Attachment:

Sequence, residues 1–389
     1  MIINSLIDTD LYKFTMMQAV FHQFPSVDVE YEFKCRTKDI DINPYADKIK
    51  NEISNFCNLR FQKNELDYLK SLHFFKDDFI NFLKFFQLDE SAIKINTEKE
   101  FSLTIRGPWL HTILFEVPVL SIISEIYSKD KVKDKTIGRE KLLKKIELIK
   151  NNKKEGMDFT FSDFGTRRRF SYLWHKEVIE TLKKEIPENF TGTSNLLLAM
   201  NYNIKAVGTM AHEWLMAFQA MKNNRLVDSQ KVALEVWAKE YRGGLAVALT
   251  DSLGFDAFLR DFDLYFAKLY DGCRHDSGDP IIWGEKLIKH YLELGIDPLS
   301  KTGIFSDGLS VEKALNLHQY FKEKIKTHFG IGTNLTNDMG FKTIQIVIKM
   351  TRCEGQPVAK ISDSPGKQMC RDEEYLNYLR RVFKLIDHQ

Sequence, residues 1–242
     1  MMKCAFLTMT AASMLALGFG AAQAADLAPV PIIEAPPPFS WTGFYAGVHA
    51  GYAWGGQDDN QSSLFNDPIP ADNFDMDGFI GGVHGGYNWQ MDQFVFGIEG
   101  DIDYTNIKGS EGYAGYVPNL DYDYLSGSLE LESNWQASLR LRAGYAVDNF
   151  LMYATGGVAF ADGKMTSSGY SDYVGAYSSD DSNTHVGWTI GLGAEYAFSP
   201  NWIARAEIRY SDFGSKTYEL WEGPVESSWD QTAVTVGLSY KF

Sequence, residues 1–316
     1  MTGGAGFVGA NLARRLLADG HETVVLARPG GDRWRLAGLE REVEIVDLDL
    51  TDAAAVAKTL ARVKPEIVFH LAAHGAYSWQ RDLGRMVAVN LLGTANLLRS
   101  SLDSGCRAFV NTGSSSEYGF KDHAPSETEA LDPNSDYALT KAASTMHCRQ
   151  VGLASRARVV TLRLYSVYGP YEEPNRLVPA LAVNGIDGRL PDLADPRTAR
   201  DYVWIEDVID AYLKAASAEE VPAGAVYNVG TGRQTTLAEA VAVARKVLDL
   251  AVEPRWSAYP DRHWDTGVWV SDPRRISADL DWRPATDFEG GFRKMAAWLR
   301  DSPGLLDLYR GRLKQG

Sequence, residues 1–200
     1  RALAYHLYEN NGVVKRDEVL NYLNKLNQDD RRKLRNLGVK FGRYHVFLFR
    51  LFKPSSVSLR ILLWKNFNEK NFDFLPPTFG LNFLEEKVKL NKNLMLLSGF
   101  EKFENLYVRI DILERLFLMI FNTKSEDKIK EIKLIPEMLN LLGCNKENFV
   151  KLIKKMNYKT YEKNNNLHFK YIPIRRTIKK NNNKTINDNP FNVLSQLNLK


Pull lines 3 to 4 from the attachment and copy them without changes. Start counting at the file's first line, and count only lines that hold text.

    51  NEISNFCNLR FQKNELDYLK SLHFFKDDFI NFLKFFQLDE SAIKINTEKE
   101  FSLTIRGPWL HTILFEVPVL SIISEIYSKD KVKDKTIGRE KLLKKIELIK